How to Care for Hoya Heart Succulent (“Sweetheart Plant”)
It’s pretty clear how this “Sweetheart Plant” got its nickname, with its spade- or heart-shaped leaves (or bum-shaped, if you want to be cheeky about it). It’s also called a Hoya Heart, Wax Heart, or a Lucky Heart. Hoya Kerrii (its official plant name) are actually tropical succulent vines that can grow quite long, but you most often just see individual cuttings of their thick waxy leaves in a single pot. They make pretty cute Valentine’s Day gifts for anyone who doesn’t want traditional roses or a box of chocolate. Here’s what you need to know about them:
The first thing you should know is that these leaves will most likely never grow into a full plant. Even if yours was a stem cutting, they grow very, very slowly and it will be years upon years before it’s a lush adult. But most likely you’ll just have this sweet little leaf — perfect for your desk at work perhaps — for a couple of years before it dies. (I’ll leave you to decide what that means for a metaphor for love.)
The good news is that your leaf/plant is extremely easy to care for. They like to live in bright sun (but can tolerate bright indirect light) in a well-drained pot, and don’t need tons of water. Water every two or three weeks, or when soil is completely dry and the leaves start to wrinkle.
You can find a little cutie in equally adorable little pots at places like The Sill. Our readers have said they see them this time of year in local nurseries as well.
If you want an actual plant, check out your local nursery or you can even buy them on Amazon. The plants are definitely not as cute or fun at first, but, eventually, you can do your own cuttings for friends and lovers. (Just make sure that you include a section of the stem at its base, along with the leaf.)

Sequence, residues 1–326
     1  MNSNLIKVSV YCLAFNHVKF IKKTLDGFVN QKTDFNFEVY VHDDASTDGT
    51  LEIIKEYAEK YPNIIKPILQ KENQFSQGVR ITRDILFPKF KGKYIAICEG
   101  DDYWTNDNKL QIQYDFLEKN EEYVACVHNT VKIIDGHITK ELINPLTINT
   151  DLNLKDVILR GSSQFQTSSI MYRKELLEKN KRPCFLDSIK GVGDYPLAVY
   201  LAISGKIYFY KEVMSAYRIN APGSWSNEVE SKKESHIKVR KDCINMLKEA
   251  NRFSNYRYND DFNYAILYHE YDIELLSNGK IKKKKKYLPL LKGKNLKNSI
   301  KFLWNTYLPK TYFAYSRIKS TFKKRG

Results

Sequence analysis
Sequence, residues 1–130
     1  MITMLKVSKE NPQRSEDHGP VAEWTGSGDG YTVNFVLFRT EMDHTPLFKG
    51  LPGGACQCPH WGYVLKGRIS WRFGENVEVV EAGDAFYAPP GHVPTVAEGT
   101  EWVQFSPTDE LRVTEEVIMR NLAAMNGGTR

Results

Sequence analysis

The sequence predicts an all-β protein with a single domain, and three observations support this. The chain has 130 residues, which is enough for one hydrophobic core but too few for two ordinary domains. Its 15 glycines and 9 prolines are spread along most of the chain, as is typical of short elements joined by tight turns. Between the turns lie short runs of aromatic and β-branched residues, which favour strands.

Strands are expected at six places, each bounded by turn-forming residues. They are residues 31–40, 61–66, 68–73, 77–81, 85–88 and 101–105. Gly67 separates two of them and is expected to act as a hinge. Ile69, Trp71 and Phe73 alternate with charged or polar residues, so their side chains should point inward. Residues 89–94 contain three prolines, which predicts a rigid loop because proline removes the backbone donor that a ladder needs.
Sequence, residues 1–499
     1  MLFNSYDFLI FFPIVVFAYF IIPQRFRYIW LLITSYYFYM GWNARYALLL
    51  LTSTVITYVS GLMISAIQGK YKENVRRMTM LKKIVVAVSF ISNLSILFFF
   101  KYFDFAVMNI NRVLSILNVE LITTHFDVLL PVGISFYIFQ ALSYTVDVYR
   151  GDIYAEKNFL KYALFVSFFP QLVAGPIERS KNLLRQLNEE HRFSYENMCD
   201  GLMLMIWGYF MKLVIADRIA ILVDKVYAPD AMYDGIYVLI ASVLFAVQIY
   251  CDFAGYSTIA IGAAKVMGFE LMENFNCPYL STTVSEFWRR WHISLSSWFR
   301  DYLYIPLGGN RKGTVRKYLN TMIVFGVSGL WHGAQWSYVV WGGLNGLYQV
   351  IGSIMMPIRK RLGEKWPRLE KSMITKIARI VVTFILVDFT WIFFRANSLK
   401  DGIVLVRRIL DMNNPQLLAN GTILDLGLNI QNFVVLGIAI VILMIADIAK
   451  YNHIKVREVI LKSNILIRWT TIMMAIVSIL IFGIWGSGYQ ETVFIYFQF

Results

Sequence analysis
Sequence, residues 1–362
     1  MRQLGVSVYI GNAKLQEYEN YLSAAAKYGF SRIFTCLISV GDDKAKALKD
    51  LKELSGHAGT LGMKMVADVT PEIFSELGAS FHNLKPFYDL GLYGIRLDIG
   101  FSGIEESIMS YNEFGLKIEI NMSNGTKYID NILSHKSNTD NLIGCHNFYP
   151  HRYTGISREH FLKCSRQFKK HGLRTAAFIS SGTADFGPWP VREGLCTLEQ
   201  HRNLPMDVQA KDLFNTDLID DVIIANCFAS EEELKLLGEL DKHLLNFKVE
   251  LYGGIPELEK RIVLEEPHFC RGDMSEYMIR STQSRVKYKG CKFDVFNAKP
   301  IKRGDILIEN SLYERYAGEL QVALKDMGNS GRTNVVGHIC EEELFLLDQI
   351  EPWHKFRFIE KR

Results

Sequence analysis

And good news for pet owners: according to the ASPCA, these plants aren’t toxic for cats or dogs.
Here’s a little more info about them, from The Sill:
Hoya kerrii, or Hoya Hearts, are tropical succulent vines that are often cultivated and sold as leaf cuttings. They belong to the Dogbane family, Apocynaceae, which includes some notable plants such as Dogbane, Oleander, Plumeria, Periwinkle, Golden Trumpet, and Mandevilla. Plants in Apocynaceae have latex sap, are usually fragrant, and are high in alkaloids (esp. Iridoids). The aromatic compounds produced by the flowers are prized as fragrances in perfumes, and the flowers are also cultivated as ornamentals in warmer climates. Hoya flowers are fragrant and waxy-looking, with the fragrance changing with the age of the flower.